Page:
In March, Cyclone Pam slammed into the island nation of Vanuatu. Despite significant humanitarian aid delivered, partially thanks to YachtAid Global, the need remains critical. YachtAid Global has therefore created the #TAGYAG fundraising campaign, which taps the power of social media.
The non-profit organization is requesting yacht owners, crew, industry representatives, and more consider personal donations of $50 to $100. YachtAid Global is also asking industry companies to consider donating $1,000. Whatever you give via YachtAid Global’s donations page, you’re encouraged to use a special hashtag, #TAGYAG, on your social media accounts. You’re also asked to include the donations page link so that others may do the same.
Even before launching #TAGYAG, YachtAid Global and a network of Vanuatu-based partners helped coordinate the arrival of two megayachts in Vanuatu. Those partners include Kaleva Yachting Services, a superyacht agency; Promedical, an emergency medical response team; and the Butterfly Trust, a non-profit supporting education and better health care. The first megayacht to arrive was Dragonfly. The crew ofDragonfly“were shocked daily,” as the captain put it, by the devastation. Thankfully, the yacht delivered medical supplies and 13,000 gallons of drinking water, plus enabled medical evacuations via her helipad and helicopter. And, the crew helped treat the injured, set up shelters, and clear fallen trees from roadways. AfterDragonfly had to depart, Umbria (pictured) arrived. Her crew also delivered potable water, facilitated medevacs via her helipad and helicopter, cleared roads, rebuilt homes and schools, and more. The United Nations Office for the Coordination of Humanitarian Affairs has formally recognized the contributions of bothDragonfly and Umbria.
So, what can #TAGYAG help secure for Vanuatu? “There are scores of islands that are in need of basic necessities like water, food, clothing, fuel, building materials, school supplies, medication and medical supplies, etc.,” explains Capt. Mark Drewelow, founder of YachtAid Global. “We are counting on the yachting community to spread the word.”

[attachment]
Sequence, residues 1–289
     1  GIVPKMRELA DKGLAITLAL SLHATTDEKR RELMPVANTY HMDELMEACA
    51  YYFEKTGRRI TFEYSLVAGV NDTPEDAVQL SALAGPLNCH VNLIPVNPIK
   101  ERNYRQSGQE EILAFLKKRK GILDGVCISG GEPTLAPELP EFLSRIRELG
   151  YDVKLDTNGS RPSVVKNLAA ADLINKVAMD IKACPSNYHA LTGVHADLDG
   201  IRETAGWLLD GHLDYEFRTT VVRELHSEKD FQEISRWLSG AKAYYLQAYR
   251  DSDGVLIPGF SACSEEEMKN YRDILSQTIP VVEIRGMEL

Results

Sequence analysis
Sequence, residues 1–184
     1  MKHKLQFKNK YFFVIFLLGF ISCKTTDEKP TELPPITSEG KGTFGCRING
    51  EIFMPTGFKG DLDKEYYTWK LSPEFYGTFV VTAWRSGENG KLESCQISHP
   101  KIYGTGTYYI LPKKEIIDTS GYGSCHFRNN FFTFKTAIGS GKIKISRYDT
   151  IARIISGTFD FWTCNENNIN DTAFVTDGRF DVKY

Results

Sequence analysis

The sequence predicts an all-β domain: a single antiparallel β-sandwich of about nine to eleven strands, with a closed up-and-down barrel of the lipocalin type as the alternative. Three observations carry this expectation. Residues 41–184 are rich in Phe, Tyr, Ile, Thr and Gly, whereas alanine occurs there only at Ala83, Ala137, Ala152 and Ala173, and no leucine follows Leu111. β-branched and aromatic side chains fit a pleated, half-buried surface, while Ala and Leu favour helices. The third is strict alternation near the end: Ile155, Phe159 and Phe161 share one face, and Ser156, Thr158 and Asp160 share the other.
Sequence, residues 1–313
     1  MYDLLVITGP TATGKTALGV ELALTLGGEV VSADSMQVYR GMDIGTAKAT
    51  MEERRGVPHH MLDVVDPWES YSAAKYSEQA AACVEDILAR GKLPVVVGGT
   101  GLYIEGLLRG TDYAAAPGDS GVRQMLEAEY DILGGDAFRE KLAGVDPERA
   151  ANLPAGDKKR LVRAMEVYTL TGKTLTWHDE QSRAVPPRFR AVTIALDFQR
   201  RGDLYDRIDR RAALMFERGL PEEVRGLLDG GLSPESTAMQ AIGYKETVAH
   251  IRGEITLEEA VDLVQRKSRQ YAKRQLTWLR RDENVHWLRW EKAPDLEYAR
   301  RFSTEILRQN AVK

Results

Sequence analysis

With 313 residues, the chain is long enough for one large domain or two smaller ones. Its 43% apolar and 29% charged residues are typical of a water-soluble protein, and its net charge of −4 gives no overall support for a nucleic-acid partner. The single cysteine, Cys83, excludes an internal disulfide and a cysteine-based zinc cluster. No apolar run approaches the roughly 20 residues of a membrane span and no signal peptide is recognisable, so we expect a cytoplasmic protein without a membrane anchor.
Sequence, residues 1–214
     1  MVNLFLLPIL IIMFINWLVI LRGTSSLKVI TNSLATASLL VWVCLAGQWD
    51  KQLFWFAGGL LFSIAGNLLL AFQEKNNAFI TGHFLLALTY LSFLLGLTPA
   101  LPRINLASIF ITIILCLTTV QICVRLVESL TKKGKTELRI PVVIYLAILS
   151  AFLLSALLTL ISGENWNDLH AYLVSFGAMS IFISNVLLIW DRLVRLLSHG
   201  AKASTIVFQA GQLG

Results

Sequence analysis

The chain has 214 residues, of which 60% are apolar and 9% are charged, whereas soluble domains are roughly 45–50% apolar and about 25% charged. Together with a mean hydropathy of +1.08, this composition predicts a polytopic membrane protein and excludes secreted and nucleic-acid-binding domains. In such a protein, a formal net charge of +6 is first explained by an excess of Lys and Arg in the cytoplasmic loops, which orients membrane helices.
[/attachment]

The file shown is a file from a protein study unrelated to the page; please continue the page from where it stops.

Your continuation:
#TAGYAG will also bring much-deserved recognition to the yacht captains and crew who, as Drewelow says, “put it all on the line to go into a disaster zone and the unknown to help people.” He considers them, plus the owners of the responding yachts, the “unsung heroes in this remarkable network.”
Judging from other charitable-oriented social media campaigns, #TAGYAG could very well have an impact. Take the highly publicized Ice Bucket Challenge last year, for example. Thousands of people videoed themselves dumping ice water over their heads and shared the videos on Facebook and more. In one month, $100 million was raised for ALS research. Also last year, Marine Group Boat Works effectively used Facebook to request and coordinate the receipt of hundreds of supplies for the people of Cabo San Lucas, Mexico following a hurricane.
In related news, YachtAid Global and its partners were coordinating the arrival of a third megayacht in Vanuatu as we were going to press.